With my whole heart I do most cordially congratulate you on your brilliant and important achievement. The gunboats shall accompany you up York river.

L. M. Goldsborough, Flag-Officer.

Accept my cordial congratulations upon the success at York-town, and I am rejoiced to hear that your forces are in active pursuit. Please favor me with the details as far as they are acquired, and I hope soon to hear your arrival at Richmond.

Edwin M. Stanton, Secretary of War.

The Secretary of War telegraphs me to inform him how many transports of all descriptions I can command. Please place at my disposal all you can release, except such as are required for the transportation of stores. . . .

John Tucker, Assistant Secretary of War.

camp near Yorktown, May 5.
J. Tucker, Assistant Secretary of War, Fortress Monroe:
In reply to a part of your despatch which the time for the departure of the boat did not admit of answering, and in the absence of Gen. McClellan to the front, I have to inform you that the general has ordered all the available transports to carry troops to West Point, and a part of them have started for Cheeseman's creek. Your despatch will be laid before the general this evening.

R. B. Marcy, Chief of Staff

near Williamsburg, May 5, 11.45 P. M.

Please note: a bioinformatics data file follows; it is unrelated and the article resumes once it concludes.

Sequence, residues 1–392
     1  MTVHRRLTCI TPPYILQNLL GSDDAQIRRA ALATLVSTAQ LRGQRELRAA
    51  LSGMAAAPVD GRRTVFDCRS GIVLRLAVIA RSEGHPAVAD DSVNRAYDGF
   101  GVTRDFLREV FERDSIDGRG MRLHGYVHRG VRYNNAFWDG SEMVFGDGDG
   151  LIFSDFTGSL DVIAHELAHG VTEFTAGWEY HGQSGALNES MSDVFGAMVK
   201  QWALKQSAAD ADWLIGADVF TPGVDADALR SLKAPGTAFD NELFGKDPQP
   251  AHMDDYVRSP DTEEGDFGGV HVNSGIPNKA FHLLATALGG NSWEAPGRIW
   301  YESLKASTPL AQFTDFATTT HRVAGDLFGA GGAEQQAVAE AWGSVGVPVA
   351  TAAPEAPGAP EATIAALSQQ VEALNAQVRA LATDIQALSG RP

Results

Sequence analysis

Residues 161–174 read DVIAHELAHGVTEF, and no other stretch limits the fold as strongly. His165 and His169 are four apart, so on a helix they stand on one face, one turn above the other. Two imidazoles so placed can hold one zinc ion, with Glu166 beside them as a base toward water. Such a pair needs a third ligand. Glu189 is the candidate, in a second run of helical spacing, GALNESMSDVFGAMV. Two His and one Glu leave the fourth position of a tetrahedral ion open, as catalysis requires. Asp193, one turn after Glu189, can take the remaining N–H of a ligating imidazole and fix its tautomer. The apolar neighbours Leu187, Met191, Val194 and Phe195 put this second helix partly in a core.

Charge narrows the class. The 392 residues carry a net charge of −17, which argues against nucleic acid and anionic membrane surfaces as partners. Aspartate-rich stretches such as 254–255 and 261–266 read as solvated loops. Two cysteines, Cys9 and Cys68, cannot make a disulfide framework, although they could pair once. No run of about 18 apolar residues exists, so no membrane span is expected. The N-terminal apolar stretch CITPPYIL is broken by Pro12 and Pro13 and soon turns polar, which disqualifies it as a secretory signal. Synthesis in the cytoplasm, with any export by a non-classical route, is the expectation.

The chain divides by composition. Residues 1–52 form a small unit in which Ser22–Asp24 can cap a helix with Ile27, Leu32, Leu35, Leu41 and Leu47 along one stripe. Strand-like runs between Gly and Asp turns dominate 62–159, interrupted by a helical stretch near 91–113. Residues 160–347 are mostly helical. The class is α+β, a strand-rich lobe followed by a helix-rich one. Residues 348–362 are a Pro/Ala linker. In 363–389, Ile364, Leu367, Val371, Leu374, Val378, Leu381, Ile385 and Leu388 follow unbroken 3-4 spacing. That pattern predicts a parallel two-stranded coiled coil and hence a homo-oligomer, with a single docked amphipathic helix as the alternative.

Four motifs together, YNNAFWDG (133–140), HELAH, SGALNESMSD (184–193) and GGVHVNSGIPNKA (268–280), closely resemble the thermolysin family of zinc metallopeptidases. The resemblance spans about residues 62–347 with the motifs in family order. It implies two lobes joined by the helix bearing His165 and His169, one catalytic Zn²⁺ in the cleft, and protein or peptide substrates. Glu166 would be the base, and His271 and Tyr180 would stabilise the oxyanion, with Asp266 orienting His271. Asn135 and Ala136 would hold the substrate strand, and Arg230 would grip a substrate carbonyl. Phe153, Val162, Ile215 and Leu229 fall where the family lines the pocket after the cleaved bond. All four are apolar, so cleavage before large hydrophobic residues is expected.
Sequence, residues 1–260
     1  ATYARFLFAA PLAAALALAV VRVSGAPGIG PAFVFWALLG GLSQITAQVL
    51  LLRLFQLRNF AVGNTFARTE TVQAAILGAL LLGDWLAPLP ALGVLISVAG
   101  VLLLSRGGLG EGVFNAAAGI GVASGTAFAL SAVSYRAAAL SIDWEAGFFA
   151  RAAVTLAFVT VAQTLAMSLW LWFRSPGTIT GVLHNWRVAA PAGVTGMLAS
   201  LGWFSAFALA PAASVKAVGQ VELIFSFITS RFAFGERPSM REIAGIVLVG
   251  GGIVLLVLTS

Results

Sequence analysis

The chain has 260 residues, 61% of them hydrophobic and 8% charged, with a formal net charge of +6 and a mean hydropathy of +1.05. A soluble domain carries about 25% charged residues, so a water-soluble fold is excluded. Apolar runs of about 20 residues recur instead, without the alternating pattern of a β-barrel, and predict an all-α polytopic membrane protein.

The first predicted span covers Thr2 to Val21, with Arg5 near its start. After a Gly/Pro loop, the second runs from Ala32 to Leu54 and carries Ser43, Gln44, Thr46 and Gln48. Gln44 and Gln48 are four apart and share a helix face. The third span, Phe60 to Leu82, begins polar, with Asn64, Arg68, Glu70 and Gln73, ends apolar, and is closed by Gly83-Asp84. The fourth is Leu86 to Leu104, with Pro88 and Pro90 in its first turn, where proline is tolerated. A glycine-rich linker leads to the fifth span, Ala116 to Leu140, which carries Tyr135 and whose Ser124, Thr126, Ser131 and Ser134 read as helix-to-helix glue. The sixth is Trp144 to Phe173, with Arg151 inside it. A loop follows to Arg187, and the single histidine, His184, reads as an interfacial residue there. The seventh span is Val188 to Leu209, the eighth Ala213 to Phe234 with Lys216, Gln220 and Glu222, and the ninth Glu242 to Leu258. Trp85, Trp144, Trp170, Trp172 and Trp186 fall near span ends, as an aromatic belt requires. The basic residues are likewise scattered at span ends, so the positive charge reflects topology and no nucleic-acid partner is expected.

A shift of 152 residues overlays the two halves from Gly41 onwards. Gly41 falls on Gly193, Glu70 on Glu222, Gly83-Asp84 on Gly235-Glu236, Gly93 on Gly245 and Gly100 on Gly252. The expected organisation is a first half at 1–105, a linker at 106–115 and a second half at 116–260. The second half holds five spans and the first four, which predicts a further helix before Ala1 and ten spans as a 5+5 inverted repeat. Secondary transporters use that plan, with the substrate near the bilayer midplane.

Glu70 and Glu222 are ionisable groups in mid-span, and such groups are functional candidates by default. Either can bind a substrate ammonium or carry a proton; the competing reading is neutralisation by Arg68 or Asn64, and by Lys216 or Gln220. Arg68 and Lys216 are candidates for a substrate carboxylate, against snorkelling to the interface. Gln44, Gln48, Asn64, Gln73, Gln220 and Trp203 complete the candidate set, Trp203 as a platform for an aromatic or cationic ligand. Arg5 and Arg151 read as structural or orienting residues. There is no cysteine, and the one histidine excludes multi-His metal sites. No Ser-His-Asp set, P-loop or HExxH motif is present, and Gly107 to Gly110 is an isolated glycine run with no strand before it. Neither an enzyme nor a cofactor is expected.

Hon. E. M. Stanton, Secretary of War:
Mr. Tucker's telegram relating to the vessels was received after Franklin's division had embarked and on the way to West Point. Another division goes in the morning, and the last is absolutely necessary to support the first. This movement is of the greatest importance. I will release the vessels just as soon [298] as the troops are landed. Nothing new except what I told you in my last despatch.

Geo. B. McClellan, Maj.-Gen. Commanding.
P. S. Some of the main works of the enemy are in our possession, and I am pushing troops forward, but the roads are horrible.

G. B. Mcclellan, Maj.-Gen. Commanding.

Williamsburg, May 6, 3 P. M.
A portion of the army has left for the upper York, and it would be destruction to deprive me of the water-transportation now. It is absolutely necessary that I should complete the movement now commenced, or the consequences will be fatal.

G. B. McClellan, Maj.-Gen. Commanding. Hon. E. M. Stanton, Secretary of War.

headquarters, Army of the Potomac, camp Winfield Scott, May 4, 1862.
Brig-.Gen. Heintzelman, Commanding 3d Corps: